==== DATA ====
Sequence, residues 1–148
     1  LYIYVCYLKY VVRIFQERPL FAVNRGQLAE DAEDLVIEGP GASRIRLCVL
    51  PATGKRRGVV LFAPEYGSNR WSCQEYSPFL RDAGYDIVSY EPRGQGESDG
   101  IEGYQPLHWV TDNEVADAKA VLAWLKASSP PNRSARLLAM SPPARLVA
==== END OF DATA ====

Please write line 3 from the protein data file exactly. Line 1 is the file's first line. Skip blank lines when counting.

    51  PATGKRRGVV LFAPEYGSNR WSCQEYSPFL RDAGYDIVSY EPRGQGESDG